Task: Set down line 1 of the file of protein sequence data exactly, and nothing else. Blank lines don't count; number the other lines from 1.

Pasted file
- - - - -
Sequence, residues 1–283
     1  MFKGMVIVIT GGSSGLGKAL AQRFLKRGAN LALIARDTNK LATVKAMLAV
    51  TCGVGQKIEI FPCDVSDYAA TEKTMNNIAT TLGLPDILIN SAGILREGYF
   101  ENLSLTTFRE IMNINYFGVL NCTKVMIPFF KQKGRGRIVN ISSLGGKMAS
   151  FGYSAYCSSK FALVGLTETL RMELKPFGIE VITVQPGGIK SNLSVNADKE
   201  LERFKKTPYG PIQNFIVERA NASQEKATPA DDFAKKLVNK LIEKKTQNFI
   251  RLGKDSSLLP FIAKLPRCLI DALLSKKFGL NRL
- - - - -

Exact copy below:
Sequence, residues 1–283